Just because you find an agent doesn’t mean you will get published. And even if you publish one novel, it doesn’t mean you’ll hit the best sellers list. Heck, it doesn’t even mean you’ll be able to complete a second, cohesive manuscript. There are no guarantees in writing.

None.

But there is one certainty.

If you let fear rule your writing, you will never get published.

DH went to the Mayo Clinic this week. After getting checked out by a cardiologist, he finally has a clear diagnosis. He has a rare heart condition that affects roughly .4% of the population. In a way, one of the doctors was right. DH didn’t have a superior vena cava. He had two of them. He’s also 100% healthy and doesn’t have to worry about his ticker unless he undergoes heart surgery for something else altogether.

Imagine if DH’s mom let fear change the course of his life. If she had refused to let him play sports, his heart would have weakened from inactivity. He would have failed physically without even trying.

How do you stay inspired to write? In what ways do you let fear rule your writing? Has anyone ever told you your heart was too weak for writing? How did you prove them wrong?

Curious minds want to know?

Tweet Me A New Book

OMG: It Snowed.

Like, it’s snowing.

Did you see the snow?

Yay, snow!

If you’re annoyed with these bite-sized updates, consider how annoyed agents and editors are when they see the same dang story cross their desks, one query at a time.

If you think of your novel as a tweet, you can see very quickly how easy it is to get lost in the never-ending updates that inundated facebook and twitter by area residents yesterday as the snow took many of us by surprise.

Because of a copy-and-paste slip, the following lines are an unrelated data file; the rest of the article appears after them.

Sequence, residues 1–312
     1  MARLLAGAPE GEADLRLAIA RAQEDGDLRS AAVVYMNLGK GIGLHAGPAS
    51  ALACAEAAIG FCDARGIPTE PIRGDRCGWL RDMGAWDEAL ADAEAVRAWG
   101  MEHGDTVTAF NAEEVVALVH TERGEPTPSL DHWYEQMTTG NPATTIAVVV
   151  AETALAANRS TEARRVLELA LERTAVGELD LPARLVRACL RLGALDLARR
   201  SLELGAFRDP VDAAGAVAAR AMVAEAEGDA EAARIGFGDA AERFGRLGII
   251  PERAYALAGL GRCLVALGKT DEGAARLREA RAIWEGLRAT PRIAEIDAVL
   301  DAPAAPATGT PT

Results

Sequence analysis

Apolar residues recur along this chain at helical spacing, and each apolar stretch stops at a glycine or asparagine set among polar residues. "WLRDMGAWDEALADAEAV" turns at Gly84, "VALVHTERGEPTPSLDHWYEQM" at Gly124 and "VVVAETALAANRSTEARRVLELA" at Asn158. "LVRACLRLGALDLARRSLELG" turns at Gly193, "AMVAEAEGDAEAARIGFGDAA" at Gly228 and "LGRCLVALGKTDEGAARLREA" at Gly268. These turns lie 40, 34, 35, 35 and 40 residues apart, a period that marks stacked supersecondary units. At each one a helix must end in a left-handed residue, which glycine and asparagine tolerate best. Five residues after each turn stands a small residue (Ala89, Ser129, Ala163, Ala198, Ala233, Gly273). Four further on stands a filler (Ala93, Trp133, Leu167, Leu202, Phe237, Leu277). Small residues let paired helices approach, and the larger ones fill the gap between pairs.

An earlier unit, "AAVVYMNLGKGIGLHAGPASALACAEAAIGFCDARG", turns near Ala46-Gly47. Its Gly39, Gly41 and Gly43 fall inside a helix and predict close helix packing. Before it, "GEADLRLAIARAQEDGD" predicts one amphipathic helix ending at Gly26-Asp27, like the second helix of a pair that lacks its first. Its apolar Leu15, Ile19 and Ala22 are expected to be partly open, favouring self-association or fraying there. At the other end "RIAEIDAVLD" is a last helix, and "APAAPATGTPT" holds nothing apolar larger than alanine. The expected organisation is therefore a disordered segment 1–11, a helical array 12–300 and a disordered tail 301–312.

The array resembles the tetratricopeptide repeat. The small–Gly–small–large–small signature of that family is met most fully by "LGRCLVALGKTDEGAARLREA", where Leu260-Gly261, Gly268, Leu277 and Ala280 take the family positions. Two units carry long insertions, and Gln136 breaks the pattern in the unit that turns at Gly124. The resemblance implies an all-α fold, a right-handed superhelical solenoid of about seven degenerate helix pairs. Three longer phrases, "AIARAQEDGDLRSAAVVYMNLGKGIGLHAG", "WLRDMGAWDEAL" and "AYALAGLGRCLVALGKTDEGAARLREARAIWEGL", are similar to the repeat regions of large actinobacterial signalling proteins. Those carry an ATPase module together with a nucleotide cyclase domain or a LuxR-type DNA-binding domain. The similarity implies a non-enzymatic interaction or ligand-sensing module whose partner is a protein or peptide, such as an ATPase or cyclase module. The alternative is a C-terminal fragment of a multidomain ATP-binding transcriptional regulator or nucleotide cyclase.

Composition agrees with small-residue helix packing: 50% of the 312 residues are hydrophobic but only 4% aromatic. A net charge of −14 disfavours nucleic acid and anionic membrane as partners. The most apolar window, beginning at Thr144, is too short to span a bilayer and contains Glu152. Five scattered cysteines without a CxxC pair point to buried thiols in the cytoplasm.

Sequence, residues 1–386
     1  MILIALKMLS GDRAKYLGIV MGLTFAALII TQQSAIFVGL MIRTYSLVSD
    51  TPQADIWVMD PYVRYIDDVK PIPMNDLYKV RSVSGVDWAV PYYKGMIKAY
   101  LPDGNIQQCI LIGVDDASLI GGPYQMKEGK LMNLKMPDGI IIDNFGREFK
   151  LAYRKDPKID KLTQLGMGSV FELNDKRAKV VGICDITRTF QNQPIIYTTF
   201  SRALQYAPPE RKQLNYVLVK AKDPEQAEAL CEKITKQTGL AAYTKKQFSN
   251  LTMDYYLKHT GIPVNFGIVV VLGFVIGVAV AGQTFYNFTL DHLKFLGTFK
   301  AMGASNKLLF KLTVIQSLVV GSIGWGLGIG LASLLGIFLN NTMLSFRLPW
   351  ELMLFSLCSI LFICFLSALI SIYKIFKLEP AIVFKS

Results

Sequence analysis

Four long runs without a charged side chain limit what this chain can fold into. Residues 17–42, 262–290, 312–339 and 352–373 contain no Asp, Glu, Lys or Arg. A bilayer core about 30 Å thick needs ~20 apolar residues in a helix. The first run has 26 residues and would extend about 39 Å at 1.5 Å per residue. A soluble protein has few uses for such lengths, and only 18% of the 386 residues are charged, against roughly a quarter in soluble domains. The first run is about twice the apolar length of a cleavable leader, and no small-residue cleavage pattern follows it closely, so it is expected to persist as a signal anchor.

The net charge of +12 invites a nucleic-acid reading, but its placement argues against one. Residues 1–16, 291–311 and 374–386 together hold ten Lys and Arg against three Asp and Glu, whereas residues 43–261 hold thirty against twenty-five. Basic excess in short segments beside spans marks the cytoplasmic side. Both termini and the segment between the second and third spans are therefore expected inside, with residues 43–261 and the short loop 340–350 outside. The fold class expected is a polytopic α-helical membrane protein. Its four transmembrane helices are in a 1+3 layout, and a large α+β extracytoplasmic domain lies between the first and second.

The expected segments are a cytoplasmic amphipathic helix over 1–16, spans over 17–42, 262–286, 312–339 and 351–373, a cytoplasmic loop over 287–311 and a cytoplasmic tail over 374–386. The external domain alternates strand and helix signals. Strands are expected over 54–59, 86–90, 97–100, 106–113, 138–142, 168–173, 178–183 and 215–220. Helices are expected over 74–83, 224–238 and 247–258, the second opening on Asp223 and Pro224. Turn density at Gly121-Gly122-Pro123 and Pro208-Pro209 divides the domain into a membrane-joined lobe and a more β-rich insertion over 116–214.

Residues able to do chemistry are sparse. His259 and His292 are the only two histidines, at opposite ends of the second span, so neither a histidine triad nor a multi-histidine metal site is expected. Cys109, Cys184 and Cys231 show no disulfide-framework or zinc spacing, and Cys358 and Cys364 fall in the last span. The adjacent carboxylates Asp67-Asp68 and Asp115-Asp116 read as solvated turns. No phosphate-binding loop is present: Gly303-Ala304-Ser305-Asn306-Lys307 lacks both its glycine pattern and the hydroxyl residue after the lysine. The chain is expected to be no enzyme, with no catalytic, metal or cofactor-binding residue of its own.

So how do we stand out in an agent’s or editor’s crowded inbox? We tweet something new and original. Something like, “Thanks for the message on my windshield, Jack Frost!” We don’t use the same tired phrases to convey our thoughts. Nor do we use the same tired perspective.

Rachel Kent at Books and Such Literary Agency explains the key to giving your novel that added twist of freshness.  As usual, her tips are spot on.

Writer, Stina Lindenblatt takes this idea one step further by providing insight into how to properly use backstory. Because a glob of backstory can be as off-putting as an inbox full of weather reports.

How do you stand out in a crowd? What tips do you have for keeping your writing as fresh as the first, unexpected snow?

Curious minds want to know.

Writer Wednesday: Visually Impaired Awesomeness

Yesterday I had the pleasure of helping our elementary school with vision and hearing screening. You know, the time when you stand ten feet back and squint at the chart with your eye covered?

While the majority of the kindergarten and first graders had perfect vision and could rattle off the letters without even blinking–literally, there was one kid who didn’t blink the whole time he spouted off the letters–a few struggled to read even the giant letters at the top.

They would lean to the side, peak around the stick or squint really hard to try to get the letters into focus.

Books are no different. Many of them are formulaic. insert new character name here. Add a dash of new hair color and give the MC a cat instead of a dog. Boy meets girl. Girl likes boy. Best friend butts in…yada, yada, yada. Throw in a bully, and we’re good to go.

But every once in a while, a book comes along that appears fresh and new and exciting and never before read.

I picture two kinds of writers in the above scenarios.

  1. The ones with perfect vision who whip out formulaic novels without blinking an eye, and
  2. Those who squint and twist and lean just enough to see things in a different way.

What kind of writer are you? How do you find unique ways to look at your world? Better yet, how do you translate that into a novel novel?

Readers, what books took you by surprise with their originality?

Curious minds want to know!

pS. Spell check hates that I used novel twice in a row! Spell check meet novel the Adjective and novel the Noun.